When it comes to October and the stock markets, well, this can be a spooky month for investors. We'll be observing the 30th anniversary of Black Monday in a couple of weeks on October 19, as well as Black Thursday, which took place on October 24, 1929, and set things in motion for the Great Crash of Black Tuesday, on October 29, 1929.
As always, our news media will do their best to remind you of all the terrible things that can happen to you in the stock markets. While it's important to remember history, I personally believe that it's important to remember history within its context, and not try to put today's economic and stock market in the same box as our financial past.
When it comes to equity investing in general, I find that most of you who come into our office, when asked about your risk tolerance, give me some sort of party line response such as, "I want to invest for growth, but I don't want to be wiped out in a market crash. I want to play it a little safe." I see nothing wrong with this response, as that's where about 80 percent of you are. (There's that old 80/20 rule again.) So, we allocate your portfolio with the goal of participating on the upside, without wiping out on the downside.
This allocation also works well for those of you who do open your statements every month when they arrive in the mail or electronically, and have a visceral reaction to whether your balances are up or down. I would estimate that about 50 percent of you do open your statements regularly, and you're the half that, when you see something that looks out of whack, or eMoney hasn't pulled an account balance correctly, you pick up the phone and say, "Um...I have a question: Where's my money?" I know what you actually want to do is scream and flip out because you're sure that this time, it really is gone. Luckily, and I say that because there is some luck involved, every single time one of you has phoned or emailed with this concern, we've always had a positive answer for you. We've never once had to tell any of you that your money is gone. We find that pleasing.
The reality is that, while all of you are scared of that fatal stock market crash, even those who lived through the crash of 1987 have confirmed with me that a) you didn't die, b) it didn't affect your day-to-day lifestyle, and c) the reason for that was because you didn't sell at the bottom. I'm not suggesting that another crash is imminent. In fact, I believe that there's less likelihood of a crash in today's current environment than ever, due to the sophistication of software and where we and the rest of the world are in the interest rate cycle.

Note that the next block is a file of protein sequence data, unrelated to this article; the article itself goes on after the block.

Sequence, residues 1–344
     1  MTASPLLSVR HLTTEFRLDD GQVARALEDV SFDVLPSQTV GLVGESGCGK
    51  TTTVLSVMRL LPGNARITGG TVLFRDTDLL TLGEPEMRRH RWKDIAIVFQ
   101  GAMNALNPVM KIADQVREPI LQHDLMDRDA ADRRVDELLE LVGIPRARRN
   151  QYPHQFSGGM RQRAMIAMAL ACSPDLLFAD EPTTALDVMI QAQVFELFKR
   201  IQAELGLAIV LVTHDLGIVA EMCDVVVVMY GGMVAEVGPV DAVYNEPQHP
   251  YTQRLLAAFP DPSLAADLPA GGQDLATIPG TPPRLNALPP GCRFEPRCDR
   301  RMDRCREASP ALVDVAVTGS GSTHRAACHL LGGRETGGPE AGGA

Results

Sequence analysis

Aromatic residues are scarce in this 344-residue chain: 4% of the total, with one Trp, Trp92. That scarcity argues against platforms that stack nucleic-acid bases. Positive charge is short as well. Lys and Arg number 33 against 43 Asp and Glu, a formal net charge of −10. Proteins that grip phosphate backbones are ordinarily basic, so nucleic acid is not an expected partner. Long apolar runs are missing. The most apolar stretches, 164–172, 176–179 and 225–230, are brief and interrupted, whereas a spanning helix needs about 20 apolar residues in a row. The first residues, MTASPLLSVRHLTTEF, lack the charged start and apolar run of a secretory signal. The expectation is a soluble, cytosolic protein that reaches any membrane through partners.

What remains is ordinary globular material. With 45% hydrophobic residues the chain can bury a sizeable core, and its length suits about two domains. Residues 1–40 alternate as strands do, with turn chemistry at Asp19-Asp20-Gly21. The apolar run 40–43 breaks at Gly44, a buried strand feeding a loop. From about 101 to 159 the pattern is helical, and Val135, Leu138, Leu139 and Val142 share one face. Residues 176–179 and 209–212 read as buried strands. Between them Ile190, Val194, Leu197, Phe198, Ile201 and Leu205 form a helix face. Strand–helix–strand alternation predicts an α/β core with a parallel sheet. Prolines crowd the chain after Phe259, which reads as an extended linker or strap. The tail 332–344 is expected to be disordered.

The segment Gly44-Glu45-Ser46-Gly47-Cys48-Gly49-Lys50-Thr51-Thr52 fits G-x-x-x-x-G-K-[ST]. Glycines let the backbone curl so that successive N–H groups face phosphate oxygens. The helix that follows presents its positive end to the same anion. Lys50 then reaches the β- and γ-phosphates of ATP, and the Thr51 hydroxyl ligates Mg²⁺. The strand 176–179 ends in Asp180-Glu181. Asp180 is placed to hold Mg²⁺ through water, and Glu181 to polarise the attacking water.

This doesn't mean there won't be corrections. We experienced one that scared several of you back in the fall of 2015 to about February of 2016, but now, you probably don't even remember that. This could be because you're one of those who never opens your statements, which I admit is a good strategy for avoiding panic. Or, perhaps you heard that we were being proactive and buying on sale, and like any savvy shopper, you felt good about that.
Just as there's risk of losing it all in a big crash, there's also the risk, and I keep saying this, that inflation will eat away at the buying power of your money. There's also the risk that no one talks about, and that's the risk of being under-invested in a bull market. This is where I find that new clients have often been misled in the past. We truly enjoy educating you and anyone you've referred to us about what they've been doing, and what they could be doing.
However, the biggest risk that I believe any investor faces does not come from actively investing in the equity markets. It comes from investing in the markets, and then not having a captain to steer the ship. Think with me for a minute. Say you just went out and purchased a $1 million sailboat. You've put a big portion of your assets into that boat, and you've fully stocked it with everything you need, put the sails up, found a nice breeze....and then you just push it out to sea. You say, "So long, boat - I'll check in when I'm ready to retire, or my kids need money for college, or I need to make a career change and want to know if I can afford it."
You wouldn't do that. No one would send a boat out into the ocean without a captain. The same applies to your hard-earned (or inherited) assets. You need a captain with a strong crew to make sure you're always taken care of, and who will actively steer that ship through any storm that lies ahead. At the same time, that captain is always asking, "Is this the best thing for the owner of this boat?" That's you, in case you forgot.
This isn't just what we do - it's who we are. Helping you and guiding you with your financial decisions is what our team truly enjoys about coming to work every day - when we're not at Keeneland or on the lake with our families!
But, even when we are out and about having fun, as we know you like to do too, we always keep our eye on the sea and one hand on the wheel. I can tell you, now that we have our Albridge reporting system that allows us to more easily look at your account history, those of you who have allowed us to captain your ship have fared much better than those who insisted on keeping their hands on the wheel as well. It's not that you're not doing okay; you are. You're just not doing as well as you could be.
As we look back this month at historical events in our financial market past, let's not lose sight of the end goals that each of you has (which may or may not involve a $1 million boat). Whether that's to continue in retirement if you've already quit working, to be able to retire if you're semi-retired or still working, and to be able to take the occasional ride on that proverbial sailboat now and then, we've created a plan that allows you to enjoy your assets not only after retirement, but along the way as well.